Soil Ph meter and how I use it for TLO organic soil growing
I wanted to put together my experience and my current understanding of using a soil Ph meter successfully and accurately when testing the soil for Ph.
I have come to the conclusion that when growing in a living soil and only using natural nutrients and not using any “artificial” nutrients that contain salts or use acids to chelate the nutrient so that it’s immediately available for the plant to use (feeding the plant instead of the critters like in a living soil) that I don’t need to use a liquid Ph meter to measure the run off nor the input of water or solutions such as tea as this isn’t what the TLO (True Living Organics) growing method is concerned with as long as the Ph of the water is within a reasonable range of 5.5 to 8.0 or so. Assuming that before you plant into the soil you have checked the soils Ph and it is in the proper range after you have cooked it (allowed the composting process to cook it like the lime and other ingredients that need to be broken down by…well by more little critters so that it’s safe and ready to use for planting.
If you do force feed the plants than this isn’t for you.
Things that effect the soil Ph meter are how saturated the soil is at a given depth, if the meters Probe or probes have been taken care of properly, how you insert the probe into the soil and time waiting for the reading to stabilize. I will be using my TDS (total dissolved salts…lol) meter to measure my teas, my source water and any other solutions EC/PPM readings that I will feed the critters in the soil so that is properly diluted before feeding.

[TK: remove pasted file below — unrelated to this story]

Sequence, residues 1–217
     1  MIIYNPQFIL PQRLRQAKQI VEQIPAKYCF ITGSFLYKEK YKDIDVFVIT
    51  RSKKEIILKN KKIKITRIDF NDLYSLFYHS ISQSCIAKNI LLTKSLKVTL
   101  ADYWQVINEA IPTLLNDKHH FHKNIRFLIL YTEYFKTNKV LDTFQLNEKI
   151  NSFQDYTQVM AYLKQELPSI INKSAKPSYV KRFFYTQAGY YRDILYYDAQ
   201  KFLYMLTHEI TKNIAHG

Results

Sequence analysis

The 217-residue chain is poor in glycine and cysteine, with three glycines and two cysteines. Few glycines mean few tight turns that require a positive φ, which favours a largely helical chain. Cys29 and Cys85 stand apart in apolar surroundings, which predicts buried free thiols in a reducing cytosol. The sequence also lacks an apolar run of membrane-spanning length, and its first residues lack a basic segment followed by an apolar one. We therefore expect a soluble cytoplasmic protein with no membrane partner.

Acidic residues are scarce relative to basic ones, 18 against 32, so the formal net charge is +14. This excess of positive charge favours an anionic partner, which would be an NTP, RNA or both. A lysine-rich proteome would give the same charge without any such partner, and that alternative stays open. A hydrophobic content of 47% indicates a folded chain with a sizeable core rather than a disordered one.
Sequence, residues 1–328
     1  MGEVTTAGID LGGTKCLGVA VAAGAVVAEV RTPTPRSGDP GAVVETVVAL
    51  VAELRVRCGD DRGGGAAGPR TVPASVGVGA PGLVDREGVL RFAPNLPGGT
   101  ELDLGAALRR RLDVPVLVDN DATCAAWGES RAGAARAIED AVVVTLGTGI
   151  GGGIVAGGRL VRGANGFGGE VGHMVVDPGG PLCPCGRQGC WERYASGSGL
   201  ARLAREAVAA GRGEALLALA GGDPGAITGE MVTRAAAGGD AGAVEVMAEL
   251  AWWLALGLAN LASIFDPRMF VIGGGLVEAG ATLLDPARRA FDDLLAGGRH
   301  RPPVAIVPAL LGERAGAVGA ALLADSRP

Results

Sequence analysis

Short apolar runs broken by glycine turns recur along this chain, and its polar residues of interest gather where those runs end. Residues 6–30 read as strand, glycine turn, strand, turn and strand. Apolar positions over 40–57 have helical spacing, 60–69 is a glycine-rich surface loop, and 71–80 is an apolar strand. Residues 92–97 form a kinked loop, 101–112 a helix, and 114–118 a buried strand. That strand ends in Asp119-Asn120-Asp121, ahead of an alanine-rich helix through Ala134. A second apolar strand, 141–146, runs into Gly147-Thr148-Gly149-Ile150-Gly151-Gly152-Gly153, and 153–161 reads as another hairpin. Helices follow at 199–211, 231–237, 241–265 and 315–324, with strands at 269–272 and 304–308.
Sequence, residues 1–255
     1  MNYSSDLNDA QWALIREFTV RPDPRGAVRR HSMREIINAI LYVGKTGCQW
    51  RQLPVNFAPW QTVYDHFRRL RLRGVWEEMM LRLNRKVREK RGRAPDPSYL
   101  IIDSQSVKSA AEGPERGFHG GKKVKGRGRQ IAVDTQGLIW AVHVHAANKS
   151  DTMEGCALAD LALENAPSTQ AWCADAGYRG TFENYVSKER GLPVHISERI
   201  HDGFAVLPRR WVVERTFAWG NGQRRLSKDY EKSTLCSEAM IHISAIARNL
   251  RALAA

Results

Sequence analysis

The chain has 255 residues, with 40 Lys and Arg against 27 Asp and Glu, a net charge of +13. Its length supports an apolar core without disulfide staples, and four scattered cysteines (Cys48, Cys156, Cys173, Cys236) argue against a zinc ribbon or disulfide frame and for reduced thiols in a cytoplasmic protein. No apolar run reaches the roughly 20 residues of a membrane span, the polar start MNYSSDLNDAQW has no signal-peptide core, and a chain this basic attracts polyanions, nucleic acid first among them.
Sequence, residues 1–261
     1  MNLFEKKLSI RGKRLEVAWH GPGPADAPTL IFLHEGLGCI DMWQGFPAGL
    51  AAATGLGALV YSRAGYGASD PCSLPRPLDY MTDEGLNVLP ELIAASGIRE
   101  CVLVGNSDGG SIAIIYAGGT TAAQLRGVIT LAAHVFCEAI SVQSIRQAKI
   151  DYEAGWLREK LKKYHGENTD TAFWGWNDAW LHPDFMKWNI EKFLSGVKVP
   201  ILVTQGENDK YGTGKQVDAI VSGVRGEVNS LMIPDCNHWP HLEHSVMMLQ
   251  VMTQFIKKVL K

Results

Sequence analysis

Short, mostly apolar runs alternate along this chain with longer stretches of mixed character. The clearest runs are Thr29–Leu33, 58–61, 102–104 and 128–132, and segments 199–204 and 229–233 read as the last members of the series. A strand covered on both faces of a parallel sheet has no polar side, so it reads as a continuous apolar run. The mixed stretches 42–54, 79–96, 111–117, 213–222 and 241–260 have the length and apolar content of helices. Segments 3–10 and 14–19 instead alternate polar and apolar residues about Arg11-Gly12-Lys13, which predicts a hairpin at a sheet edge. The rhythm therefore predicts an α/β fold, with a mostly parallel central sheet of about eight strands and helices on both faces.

The liquid Ph meters may be necessary for those growing using chemical nutrients but I don’t see myself using one much anymore as I’ve also changed from using my tap water due to it being ~500EC with fluoride which is really hard on all living things and calcium/magnesium which plants like and use but need to be in a proper ratio of around 5:1 and I have no control over what the city decides to mix proportionally and send to me so rather than use tap I purchased a nice portable tabletop Reverse Osmosis system to use for all water related needs of growing. Watering, teas, solutions, foliar or humidifier this way I am in control of the input to the soil when feeding it. The living critters in the soil will sort all the Ph stuff out and will feed the plant when the plants asks for a particular nutrient and the critters are fed by the plant as well (Mychorrizae) as so on. Avatar on earth. Symbiotic relationships.
So back to using a soil Ph meter as I currently understand things anyway. Always learning things as I go and grow so like life it is subject to change.
These are my collection of meters.
The one on the far right is my new meter and has a 12” long probe and an easy to read dial as well as being able to measure Ph of the soil has a moisture function as well.
I’m finding the advantages of using this new one over my older meters is that it is solidly built, plenty long to get in between branches to get to the soil and able to measure various depths into the soil all the way down to 12” if needed weather in a container, raised bed or garden. It also serves as an aeration device and if needed before filling the hole after removal a way to get some nutrients or Mycho powder down into the root area etc.
The second meter Sonkir also has a decent build and ok depth for a $12 meter anyway.
I’ve tested this one along with the new Wizard meter and they are both within .1 or so in readings using the same area of soil and the same depth and moisture.